in a few days the broome street temple, home to ashtanga yoga new york will close its doors. i spent my formative years of ashtanga yoga building a daily sadhana at the temple under the guidance of my teacher eddie stern and his assistants. i'd like to say that a space is just a space. the more enlightened me will say that someday…maybe. but for now i just can't. something happened in that room - something cleaner, clearer, brighter - something like tea steeping, not for minutes or hours, but years, decades. it became potent, infectious, it buzzed. the walls changed colors, and changed colors, and changed colors, until the walls were moved, and again changed colors. with lectures, temple worship, holiday gatherings, kirtans, yoga therapy sessions, and weddings, including my own, it was a place to gather. for sangha, for in depth study of self. eddie always referred to it as the "yoga school". and yet beyond this, it was something else to me and for many others too. each of us may have our own ways to describe it and this is only mine.
the temple was an impossibility that somehow made itself possible in a city that doesn't seem to do anything better than keep the possible an arms length away. i wondered, 'how in the hell does this all happen in a city that's strangulated by inflated egos, inflated rents, and inflated ideas around money in general?' having the temple as a safe space gave me hope for the possibilities of mankind. really it did.
my strongest impression was that i felt like we were getting away with something that we weren't supposed to be getting away with. there was a 'this is how things are supposed to be', and then there was the broome street temple with its motley crew of students, participants, and devotees. it was other than. if we were in that room, we were safe from the "bad people"…the ones who might come and take this place away. i know that sounds kind of childlike, but that's how it felt, in my experience. we had the freedom to play seriously in that space. from the point of view of an artist like myself what's better than having a place to commit to self research and not be bothered? we were given permission, by the deities, by eddie, his assistants, each other, to turn our backs for just a couple hours a day on the constantly in flux outside and look inside towards the upper case SELF. it was a softer more gentle way for many of us to say "fuck you". we'd been trying to express these words in many ways for so many years, but finally we could do it by making an offering, of love and commitment. the practice, the teachers, fellow practitioners, they elicited what true love elicits for most of us…joy, confusion, disappointment, contentment, frustration, sadness, clarity, anger, jealousy, relief, softening, acceptance, letting go, and so on - all qualities of any valuable and insightful relationship.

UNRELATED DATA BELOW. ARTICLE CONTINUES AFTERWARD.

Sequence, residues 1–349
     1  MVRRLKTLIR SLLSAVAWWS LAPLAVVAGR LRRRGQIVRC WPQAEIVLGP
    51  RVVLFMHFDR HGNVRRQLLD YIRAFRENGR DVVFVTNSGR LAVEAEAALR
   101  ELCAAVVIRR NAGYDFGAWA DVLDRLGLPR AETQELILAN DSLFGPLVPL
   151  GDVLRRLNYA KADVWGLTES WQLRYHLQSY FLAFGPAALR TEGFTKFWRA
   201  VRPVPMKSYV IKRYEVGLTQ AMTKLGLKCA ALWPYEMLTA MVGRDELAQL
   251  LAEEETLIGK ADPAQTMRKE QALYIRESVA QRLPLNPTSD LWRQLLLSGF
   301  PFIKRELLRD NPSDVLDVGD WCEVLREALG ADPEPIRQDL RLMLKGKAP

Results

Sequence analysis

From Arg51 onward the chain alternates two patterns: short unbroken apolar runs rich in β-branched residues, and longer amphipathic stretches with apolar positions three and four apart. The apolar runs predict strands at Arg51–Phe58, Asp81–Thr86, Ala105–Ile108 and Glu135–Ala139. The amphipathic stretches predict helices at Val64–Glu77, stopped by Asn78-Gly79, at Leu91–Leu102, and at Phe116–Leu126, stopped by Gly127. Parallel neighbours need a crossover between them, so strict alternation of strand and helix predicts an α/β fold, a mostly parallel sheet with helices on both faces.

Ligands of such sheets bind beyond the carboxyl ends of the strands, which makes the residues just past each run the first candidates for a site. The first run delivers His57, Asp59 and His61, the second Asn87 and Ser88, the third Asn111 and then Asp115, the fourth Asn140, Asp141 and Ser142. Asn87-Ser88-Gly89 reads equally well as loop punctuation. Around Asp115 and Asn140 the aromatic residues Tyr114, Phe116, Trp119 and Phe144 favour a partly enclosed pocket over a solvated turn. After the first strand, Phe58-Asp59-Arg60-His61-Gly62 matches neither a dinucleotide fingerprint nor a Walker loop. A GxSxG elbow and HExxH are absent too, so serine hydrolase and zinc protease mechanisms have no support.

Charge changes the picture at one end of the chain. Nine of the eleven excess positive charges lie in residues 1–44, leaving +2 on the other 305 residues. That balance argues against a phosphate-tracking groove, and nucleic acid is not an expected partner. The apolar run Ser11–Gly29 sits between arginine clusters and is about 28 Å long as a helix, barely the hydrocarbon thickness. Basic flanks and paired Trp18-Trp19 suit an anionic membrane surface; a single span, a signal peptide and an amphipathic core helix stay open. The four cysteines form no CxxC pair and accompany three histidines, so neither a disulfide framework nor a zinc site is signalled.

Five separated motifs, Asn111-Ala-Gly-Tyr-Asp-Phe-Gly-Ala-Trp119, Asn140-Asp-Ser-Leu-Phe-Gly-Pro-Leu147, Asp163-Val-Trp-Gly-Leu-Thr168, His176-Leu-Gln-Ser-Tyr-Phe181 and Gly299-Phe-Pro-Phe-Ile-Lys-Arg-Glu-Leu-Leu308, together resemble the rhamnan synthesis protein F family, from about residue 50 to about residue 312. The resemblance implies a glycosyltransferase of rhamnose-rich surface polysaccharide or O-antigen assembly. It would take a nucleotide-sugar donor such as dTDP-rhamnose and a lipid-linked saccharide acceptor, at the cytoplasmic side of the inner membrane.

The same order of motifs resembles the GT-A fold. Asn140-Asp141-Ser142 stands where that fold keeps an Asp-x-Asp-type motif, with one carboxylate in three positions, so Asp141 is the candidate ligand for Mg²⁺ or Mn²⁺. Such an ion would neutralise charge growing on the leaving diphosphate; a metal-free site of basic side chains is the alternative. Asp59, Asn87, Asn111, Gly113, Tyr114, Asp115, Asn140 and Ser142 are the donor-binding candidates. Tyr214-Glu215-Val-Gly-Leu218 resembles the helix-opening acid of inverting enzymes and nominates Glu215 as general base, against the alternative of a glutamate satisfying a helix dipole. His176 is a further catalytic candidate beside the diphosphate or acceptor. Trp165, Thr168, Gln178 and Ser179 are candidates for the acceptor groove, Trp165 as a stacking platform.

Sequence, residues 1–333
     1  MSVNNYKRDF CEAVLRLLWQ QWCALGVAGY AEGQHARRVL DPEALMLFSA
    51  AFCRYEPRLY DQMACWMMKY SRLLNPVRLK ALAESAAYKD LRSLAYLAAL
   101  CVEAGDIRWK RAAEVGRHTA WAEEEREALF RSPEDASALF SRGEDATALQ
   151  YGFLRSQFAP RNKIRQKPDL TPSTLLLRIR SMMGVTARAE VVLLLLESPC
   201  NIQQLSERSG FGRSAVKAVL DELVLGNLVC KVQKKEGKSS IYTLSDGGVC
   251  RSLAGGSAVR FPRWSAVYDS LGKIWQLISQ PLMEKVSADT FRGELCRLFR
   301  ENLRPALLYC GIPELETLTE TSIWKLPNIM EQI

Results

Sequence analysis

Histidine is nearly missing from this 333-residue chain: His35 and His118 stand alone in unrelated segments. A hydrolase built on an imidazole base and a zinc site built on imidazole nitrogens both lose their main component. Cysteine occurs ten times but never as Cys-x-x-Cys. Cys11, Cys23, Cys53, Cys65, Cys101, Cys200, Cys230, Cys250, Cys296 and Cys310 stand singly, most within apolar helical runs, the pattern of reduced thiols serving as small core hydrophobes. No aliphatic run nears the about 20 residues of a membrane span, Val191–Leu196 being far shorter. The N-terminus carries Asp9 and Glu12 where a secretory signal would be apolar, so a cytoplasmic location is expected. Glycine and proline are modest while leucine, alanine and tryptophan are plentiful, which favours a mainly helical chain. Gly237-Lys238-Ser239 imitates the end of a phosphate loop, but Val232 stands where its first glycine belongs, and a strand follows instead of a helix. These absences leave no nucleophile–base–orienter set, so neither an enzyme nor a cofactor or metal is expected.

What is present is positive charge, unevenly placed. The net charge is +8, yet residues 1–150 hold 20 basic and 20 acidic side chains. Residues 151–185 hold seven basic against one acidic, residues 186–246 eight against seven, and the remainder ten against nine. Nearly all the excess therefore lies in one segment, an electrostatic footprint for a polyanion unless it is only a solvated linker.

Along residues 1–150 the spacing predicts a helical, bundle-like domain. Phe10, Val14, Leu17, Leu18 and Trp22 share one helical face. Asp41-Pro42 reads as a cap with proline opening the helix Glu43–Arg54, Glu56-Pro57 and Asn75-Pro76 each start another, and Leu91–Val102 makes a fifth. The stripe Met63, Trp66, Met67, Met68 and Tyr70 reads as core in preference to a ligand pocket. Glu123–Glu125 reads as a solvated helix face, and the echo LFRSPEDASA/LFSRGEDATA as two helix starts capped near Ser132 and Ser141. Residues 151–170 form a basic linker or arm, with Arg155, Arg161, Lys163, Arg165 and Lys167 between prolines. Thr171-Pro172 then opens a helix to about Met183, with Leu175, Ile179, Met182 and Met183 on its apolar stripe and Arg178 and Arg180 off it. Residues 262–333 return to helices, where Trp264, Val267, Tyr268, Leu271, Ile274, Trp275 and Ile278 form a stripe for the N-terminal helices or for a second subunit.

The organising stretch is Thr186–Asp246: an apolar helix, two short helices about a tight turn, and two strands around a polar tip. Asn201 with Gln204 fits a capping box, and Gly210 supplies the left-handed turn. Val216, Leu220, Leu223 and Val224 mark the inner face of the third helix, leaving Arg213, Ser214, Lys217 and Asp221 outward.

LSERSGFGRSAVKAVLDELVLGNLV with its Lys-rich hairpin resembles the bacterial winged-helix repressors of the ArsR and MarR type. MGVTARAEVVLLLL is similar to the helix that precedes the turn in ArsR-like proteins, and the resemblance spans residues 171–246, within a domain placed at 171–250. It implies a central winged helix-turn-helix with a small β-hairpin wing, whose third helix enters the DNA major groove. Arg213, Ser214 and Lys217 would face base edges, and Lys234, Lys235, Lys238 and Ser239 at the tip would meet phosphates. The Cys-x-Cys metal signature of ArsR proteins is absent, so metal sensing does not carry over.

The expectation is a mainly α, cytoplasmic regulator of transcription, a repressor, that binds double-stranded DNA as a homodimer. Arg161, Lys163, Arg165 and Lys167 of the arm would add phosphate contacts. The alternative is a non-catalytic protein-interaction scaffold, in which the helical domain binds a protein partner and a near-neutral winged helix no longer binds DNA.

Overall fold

in short, as my friend kelley put it, "it wouldn't be so sad if it hadn't been so awesome". absolutely correct.
i have the deepest of gratitude for this humble little room on the second floor of 430 broome street. i bow down to the teachers who served the ashtanga yoga new york community over the years, to the deities that sat heavy in the elements so that we may transform, and to eddie and jocelyn who invested their lives into this epic awe inspiring project. it was special, and i will miss it.